Heating Thermostat Control for 5 Family Building

6 Replies

I closed on a 5 family brownstone in Brooklyn last week. The building was occupied by the owner who lived in one of the units and had the thermostat that controlled the heat for the entire building in her unit.

The heat for the building is produced by a single gas fired steam boiler which was installed last year when the old oil boiler was replaced.

What is the best option for controlling the heat for the property? All of the units will be occupied by tenants.

Hi Ariel,

We have several clients in the NYC metro area with similar buildings that use our system for managing boilers and ensuring both compliance, auditing and comfort. 

In respecting the BP forum rules, feel free to reach out to me and I can share more info with you.


Hi, I'm a little late to the thread.  I always put a sensor in the last apartment to receive the steam heat.  The sensor runs to a unit that I can control on the internet.  The unit costs me about $250 each. 

Your building like mine in brooklyn, you will find out that the steam is unbalanced.  Some apartments will be hot like .... and others will cry.

Most brooklyn apartment buildings are one pipe and each radiator have an air valve. If the air valve  doesn't work then the radiator will not get hot.  NO MATTER how much pressure the boiler puts out.

There is alot of savings that can be gained by watching the steam run, heat up the radiators, go to pressure and continue until the required temperature is reached.   It will take a couple of years to fix what unaware plumbers and landlords have done to the system.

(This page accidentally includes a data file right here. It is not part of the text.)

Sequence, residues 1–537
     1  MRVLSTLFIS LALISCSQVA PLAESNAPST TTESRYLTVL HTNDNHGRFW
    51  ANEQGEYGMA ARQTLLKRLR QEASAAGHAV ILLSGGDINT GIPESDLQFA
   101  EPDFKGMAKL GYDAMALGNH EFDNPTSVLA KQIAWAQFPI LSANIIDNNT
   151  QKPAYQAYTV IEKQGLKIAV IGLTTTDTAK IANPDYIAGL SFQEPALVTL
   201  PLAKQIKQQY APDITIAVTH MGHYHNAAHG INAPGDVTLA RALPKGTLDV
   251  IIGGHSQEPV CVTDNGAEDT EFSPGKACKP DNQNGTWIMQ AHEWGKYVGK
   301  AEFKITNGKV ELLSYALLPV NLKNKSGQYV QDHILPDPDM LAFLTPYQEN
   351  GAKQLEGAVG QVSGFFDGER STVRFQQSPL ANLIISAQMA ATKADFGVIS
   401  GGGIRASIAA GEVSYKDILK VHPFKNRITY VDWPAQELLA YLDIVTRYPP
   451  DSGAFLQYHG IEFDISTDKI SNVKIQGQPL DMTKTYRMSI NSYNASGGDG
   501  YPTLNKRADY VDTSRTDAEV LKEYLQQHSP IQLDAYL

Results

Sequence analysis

i use the webrelay products.  I have deployed three x300, two x310 and I am working on adapting to their new x600.  They have a wireless sensor but I am waiting for firmware upgrade to use it with the x series.

I do a little bit of scripting to tweak it.

It's is headless, meaning there is no display. All over the network/internet.

If you had to start tomorrow, buy the x310, if you can wait a month, I would buy the x600.  My x600 is still on my bench waiting for me to work on it.

I think it's roberts or robertson that makes a thermostat (not Home depot, but go to a real supply store like Johnstone) that can be remotely (think basement) located.  Then it can have up to 4 sensors in the living space, it averages the temperature of the 4 sensors and uses that as the "room temp", ignoring the temp of the basement. 

It wont be a matter of setting it to 68 and leaving...finding the right temperature will take practice. I suggest getting the wireless "weather station" remote thermometers, putting the "outside" sensor in each apartment (one per) so you can see downstairs what temp each apartment is.  Then take a couple weeks and play w numbers and comfort/complaints.